This month, WestView welcomes jazz musician and new contributor Andrew Collier, who will cover the jazz scene in the West Village, home of the greatest concentration of jazz clubs in the world. Each month, Collier will write about issues jazz fans care about and spotlight players, bands, clubs and upcoming West Village gigs.
Why is New York jazz stuck in a time warp? Walk around most of the Village clubs on a Wednesday night and you are likely to hear the same tunes played in similar styles by the same lineup of instruments. These tunes include classic “standards” such as “On Green Dolphin Street,” “A Night in Tunisia” and “All the Things You Are.” And the style? Generally, bebop from the Charlie Parker era around 1952. Visit any of the smaller clubs—the Garage, Knickerbocker’s, Fat Cat, Arturo’s—and that’s mainly what you’ll hear.
That’s not to say the quality isn’t good, even among the semi-pros. For the most part, they play these tunes with a refreshing passion and skill that far exceeds what most other cities in the world offer in the way of jazz. And jazz lovers will argue that there is a host of clubs playing other kinds of jazz in New York, which is true. As a long-time resident of the West Village, I know that clubs like the Village Vanguard, 55 Bar and Smalls in my neighborhood and Iridium and Smoke uptown present a lineup of top-quality and upcoming musicians who often venture further afield than the 1950s. And Brooklyn, where the rent is much cheaper, has some offbeat venues with unusual offerings. But even at these clubs, the standards in bebop form frequently make their appearance.
For some reason, particularly among amateur and semi-amateur musicians, bebop has become the jazz “classical” music. Of course bebop is important, but what about all the other forms of jazz that came before and after? Dixieland in the 1920s. Swing a la Coleman Hawkins in the 1930s. West Coast jazz in the 1950s. “Post-modern” bebop from Miles Davis in the 1960s. Most of that is missing from the standard repertoire. It’s like Julliard graduates spending most of their time playing Bach—and only Bach.
Surprisingly, this isn’t true only for New York. I just returned from a trip to Shanghai, where I heard a group of musicians (admittedly, mainly American) who banged out high quality bebop. There’s a club in Beijing called East Shore that rarely strays far from updated versions of bebop.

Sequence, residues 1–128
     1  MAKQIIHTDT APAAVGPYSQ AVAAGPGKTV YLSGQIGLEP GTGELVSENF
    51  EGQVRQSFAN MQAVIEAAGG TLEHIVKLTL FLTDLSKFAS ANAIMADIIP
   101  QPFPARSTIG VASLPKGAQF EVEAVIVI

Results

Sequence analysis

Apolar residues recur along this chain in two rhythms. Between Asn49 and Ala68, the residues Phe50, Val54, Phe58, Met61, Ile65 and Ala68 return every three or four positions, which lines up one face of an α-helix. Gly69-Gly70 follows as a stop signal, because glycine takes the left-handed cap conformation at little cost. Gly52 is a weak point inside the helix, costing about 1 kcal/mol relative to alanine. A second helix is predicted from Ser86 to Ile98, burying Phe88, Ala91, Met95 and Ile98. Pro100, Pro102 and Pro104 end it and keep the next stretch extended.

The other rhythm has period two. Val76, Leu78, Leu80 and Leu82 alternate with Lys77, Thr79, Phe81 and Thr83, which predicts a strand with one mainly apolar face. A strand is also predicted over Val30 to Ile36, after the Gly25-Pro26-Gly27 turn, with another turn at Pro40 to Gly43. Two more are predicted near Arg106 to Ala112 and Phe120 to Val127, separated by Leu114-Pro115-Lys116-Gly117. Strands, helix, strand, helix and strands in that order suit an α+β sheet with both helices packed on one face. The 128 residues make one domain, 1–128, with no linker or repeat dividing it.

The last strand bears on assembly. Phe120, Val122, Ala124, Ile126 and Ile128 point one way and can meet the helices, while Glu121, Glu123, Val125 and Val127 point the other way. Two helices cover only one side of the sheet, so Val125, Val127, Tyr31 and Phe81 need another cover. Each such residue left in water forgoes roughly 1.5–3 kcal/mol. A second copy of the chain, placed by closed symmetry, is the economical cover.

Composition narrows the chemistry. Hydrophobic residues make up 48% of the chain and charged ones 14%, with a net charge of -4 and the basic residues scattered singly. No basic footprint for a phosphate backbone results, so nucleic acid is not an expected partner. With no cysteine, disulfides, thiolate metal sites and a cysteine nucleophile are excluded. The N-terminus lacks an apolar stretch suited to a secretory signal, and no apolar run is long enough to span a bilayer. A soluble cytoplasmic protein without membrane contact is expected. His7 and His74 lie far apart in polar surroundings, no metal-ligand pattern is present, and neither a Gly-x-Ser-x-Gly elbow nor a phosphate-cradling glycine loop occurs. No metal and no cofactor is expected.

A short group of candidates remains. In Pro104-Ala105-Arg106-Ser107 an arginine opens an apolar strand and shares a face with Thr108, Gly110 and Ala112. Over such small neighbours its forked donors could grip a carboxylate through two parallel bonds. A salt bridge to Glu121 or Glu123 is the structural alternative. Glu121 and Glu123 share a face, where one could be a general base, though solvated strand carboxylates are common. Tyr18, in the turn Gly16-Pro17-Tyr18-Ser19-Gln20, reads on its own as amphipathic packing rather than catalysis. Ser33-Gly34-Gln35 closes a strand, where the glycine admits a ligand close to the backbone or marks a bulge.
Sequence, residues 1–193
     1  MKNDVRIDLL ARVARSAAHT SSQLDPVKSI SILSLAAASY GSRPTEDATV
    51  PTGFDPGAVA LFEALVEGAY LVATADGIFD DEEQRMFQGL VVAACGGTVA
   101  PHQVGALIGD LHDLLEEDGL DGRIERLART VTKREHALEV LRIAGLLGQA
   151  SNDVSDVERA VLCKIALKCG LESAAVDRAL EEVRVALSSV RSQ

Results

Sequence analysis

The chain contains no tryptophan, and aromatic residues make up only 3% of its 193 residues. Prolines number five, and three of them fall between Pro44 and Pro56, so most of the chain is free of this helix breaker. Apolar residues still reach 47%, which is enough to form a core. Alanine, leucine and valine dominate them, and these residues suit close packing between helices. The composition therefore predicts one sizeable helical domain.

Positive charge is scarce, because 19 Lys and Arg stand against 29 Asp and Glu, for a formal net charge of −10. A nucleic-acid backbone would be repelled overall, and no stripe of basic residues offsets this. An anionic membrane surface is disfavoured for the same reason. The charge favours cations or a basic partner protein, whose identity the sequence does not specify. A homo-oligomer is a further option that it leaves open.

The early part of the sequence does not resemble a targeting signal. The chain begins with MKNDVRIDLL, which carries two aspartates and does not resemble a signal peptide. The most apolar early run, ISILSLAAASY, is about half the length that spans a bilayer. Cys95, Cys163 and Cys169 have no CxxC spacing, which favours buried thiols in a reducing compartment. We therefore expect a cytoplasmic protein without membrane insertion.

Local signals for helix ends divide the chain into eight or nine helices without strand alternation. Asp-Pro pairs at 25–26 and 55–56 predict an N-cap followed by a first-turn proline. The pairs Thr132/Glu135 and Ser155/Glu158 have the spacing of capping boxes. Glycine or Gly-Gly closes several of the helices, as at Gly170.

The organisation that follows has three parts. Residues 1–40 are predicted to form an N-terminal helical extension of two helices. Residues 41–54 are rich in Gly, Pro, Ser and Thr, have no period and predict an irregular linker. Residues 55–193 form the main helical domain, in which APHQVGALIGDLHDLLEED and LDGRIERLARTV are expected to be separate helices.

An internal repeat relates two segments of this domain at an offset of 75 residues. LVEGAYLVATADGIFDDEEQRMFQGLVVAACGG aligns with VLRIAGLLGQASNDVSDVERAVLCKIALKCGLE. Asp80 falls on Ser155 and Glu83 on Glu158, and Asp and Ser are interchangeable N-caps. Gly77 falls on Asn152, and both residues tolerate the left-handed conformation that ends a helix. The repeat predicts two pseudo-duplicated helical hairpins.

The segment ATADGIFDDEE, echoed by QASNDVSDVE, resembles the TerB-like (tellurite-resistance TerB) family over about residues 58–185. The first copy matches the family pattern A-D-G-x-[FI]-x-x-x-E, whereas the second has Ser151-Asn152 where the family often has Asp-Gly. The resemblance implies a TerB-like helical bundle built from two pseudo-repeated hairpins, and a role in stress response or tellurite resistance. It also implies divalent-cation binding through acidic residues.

European musicians often argue that they are much more open than Americans are to eclecticism in jazz. I confess I find that European jazz melds styles far too much for my ears. Maybe I’m a bopper after all. But maybe it’s time to open the jazz doors.
Here are some jazz artists with upcoming West Village gigs who are doing that.
Kurt Rosenwinkel Quartet
February 28-March 4
Thirty years ago, Pat Metheny reinvented jazz guitar with a rock flavor while working under vibraphonist Gary Burton. That tradition of fusion-influenced jazz guitar, in a small group setting, has been picked up by others. Arguably the best current exemplar is Kurt Rosenwinkel, who, funnily enough, also was schooled early on by Gary Burton at the Berklee College of Music in Boston. Rosenwinkel’s music is fiery and complex, with long, winding harmonic melodies and modal jams. For his Village Vanguard gig, he is backed by his touring band, including Aaron Parks on piano, Eric Revis on bass and the young prodigy Justin Faulkner on drums (formerly also with trumpeter Terence Blanchard). Not to be missed. Shows: 9 p.m. and 11 p.m., $25 per set, one drink minimum. Village Vanguard, 178 Seventh Avenue South at 11th Street, 212-255-4037, villagevanguard.com.
The Cornelia Street Café
Chris Lightcap’s Bigmouth Deluxe
Friday, February 10
Bassist Chris Lightcap is central to the downtown New York jazz scene consisting of artful, intellectual composers with a backbone of improvisation. This younger group of jazz musicians is trying to reinvent the music with influences from classical compositions and the training that comes from knowledge of hard bop. Lightcap is playing with other top musicians, including Andy Milne on piano and the precise Gerald Cleaver on drums. And if you get there early enough to eat before hitting the cute performance space downstairs, the upstairs cafe serves excellent and well priced American food. Shows: 9 p.m. and 10:30 p.m, $15 cover, $10 minimum. The Cornelia Street Café, 29 Cornelia Street between West Fourth & Bleecker, 212-989-9319, corneliastreetcafe.com.
– By Andrew Collier
Andrew Collier is a longtime jazz fan and jazz drummer. He studied percussion at Oberlin College, including marimba and vibraphone, and has performed in clubs in New York and in Asia, where he lived for seven years. He grew up in Greenwich Village and now resides on Barrow Street. If you want to talk jazz with Andrew, email him at email@example.com.